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Thursday, 23 May 2019

Maybe we should just say thanks?

Shortly after the recent fire at Paris’ Notre Dame Cathedral was extinguished several prominent, wealthy Frenchmen stepped forward to pledge significant sums of money toward its reconstruction. One would think that people would be grateful for this generosity, and most are. But not, it seems, the high priests of the progressive left who couldn’t help attacking these individuals for allegedly caring more for a building than people. These critics apparently believe that society would be better served if such generosity were directed toward eliminating perceived social inequality, and they are invoking Victor Hugo’s Les Misérables to help make their case. “Yellow Vest” protesters were quick to jump on the bandwagon. “Millions for Notre Dame, what about for us, the poor?” read a sign worn by a Paris demonstrator the Saturday following the fire. “Everything for Notre Dame, nothing for Les Misérables,” read another sign.

Is this posthumous enlistment of Victor Hugo into the ranks of the “Yellow Vest” movement or anti-wealth activists justified? Those who have read only an abridged version of Hugo’s work in a university class, or who have only seen a film or stage adaptation, are sure to think it is. Their views have been shaped by professors and editors who believe the rich are the cause of poverty and are enemies of the poor.

But is this “down with the rich” narrative really what Les Misérables teaches us?

Les Misérables is an exceptionally long and complex novel featuring multiple themes, plots, subplots and sub-subplots. One of these themes might be that the law can sometimes be destructive as well as ameliorative, as illustrated by the unjust sentence Jean Valjean receives (5 years for stealing a loaf of bread, which ends up being 19 years following several escape attempts) and the fact that his criminal conviction marks him as a social pariah for the rest of his life. None of this has anything to do with rich verses poor though. Valjean’s jailers are not wealthy, nor is the baker he stole from. What’s more, Jean Valjean himself becomes rich after turning his life around (albeit under a false identity). and becomes a force for good in his village, not just by handing out alms to the poor, but by employing people In his own business and supporting community institutions like his local church and hospital.

Chalk one up for the wealthy…

A second theme involves the descent of Fantine into a life of poverty and prostitution. Her downward spiral begins when she has a child out of wedlock with Felix Tholomyes who subsequently abandons both mother and daughter. Fantine is forced to place her daughter into the care of unscrupulous innkeepers – where the child is treated badly – while she works in a factory. Eventually Fantine is fired from that job when her supervisor discovers that she is an unwed mother, and she must turn to prostitution to survive.

None of the villains in Fantine’s life are wealthy though. First of all, let’s not pretend that she has no responsibility for her fate. Fantine exercised poor judgment in the first instance by choosing to have sex outside of wedlock. Tholomyes is a scoundrel who refuses to take responsibility for his daughter and her mother. The innkeepers in whose care Fantine leaves her infant daughter are at best middle-class. Finally, the supervisor who fires Fantine is nothing more than middle-management, probably not much better off than Fantine is herself.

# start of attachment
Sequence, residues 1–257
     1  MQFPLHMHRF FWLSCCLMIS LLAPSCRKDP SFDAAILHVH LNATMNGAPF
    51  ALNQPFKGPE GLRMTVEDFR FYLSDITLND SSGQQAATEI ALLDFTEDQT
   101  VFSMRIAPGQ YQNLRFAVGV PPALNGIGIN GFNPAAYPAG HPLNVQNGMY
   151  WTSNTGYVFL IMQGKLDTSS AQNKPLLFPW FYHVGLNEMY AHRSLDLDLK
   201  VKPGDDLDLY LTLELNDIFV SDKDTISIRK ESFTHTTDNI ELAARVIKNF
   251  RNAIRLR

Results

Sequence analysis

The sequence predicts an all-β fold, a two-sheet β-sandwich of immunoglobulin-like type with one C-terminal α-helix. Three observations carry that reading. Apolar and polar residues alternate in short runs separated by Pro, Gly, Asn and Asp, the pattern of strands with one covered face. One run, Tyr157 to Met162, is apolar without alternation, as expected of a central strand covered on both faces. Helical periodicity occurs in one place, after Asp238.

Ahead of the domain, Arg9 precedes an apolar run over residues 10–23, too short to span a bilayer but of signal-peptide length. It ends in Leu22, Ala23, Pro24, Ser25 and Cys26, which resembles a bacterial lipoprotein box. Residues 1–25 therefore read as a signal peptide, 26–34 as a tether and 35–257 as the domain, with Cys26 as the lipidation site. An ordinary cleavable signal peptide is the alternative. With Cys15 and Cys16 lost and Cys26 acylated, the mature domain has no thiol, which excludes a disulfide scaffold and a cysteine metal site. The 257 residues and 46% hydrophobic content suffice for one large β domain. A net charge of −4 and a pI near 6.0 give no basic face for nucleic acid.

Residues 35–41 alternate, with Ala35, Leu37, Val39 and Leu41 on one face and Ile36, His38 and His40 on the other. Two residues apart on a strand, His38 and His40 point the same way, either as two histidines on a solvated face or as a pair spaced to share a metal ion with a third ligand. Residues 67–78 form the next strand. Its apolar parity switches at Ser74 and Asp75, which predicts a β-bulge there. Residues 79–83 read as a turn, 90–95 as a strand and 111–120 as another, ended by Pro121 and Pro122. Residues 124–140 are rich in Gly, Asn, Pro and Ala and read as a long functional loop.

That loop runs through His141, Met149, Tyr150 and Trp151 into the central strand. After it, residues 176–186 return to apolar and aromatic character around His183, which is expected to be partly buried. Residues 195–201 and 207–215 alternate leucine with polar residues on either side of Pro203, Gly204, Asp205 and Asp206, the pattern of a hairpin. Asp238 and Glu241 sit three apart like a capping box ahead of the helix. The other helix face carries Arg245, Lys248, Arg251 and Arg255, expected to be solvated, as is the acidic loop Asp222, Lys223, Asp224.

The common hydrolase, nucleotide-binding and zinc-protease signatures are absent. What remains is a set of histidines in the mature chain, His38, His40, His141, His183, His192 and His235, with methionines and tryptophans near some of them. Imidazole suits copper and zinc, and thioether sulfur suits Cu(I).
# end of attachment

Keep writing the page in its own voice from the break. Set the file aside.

If this were baseball that would be three strikes against middle- and working-class characters who progressive commentators like to depict as either victims or heroes.

Re-enter Jean Valjean, the former ne’er-do-well who has made a small fortune by embracing capitalism. He rescues Fantine from imprisonment and provides her with a home while she recuperates from her ordeals and illness. Unfortunately, his care and compassion are not enough and she succumbs to her sickness, but not before eliciting a promise from Valjean to seek out her daughter who has been in the malevolent care of the abusive innkeeper’s family, a pledge which, with some difficulties, he manages to fulfill. Valjean raises the child as his own.

Chalk up another one for the wealthy...

Are there examples of the rich behaving badly in Les Misérables? Of course, but the story is as much about mistreatment and lack of compassion among social and economic equals as it is anything else. It seems that Hugo understood what Alexander Solzhenitsyn was to write more than a century later, that “the line between good and evil runs through the heart of every man”, to which one might add for clarity’s sake – both the rich and the poor.

As for the poverty and despair into which Fantine sinks, they are not the source of her troubles, but the result.

Which brings me back to the abuse heaped on wealthy donors pledging financial support for the reconstruction of Notre Dame Cathedral. Contrary to what the anarchists and Marxists in the ranks of the “Yellow Jackets” would have us believe, the rich are sharing their wealth. They do so through the taxes they pay. They do so by employing thousands of workers in their businesses. They do so through mutual funds that working- and middle-class investors rely on for their own financial well-being, and they do so through incredible acts of philanthropy, like paying for the restoration of church they likely never attend..

Maybe we should just says thanks?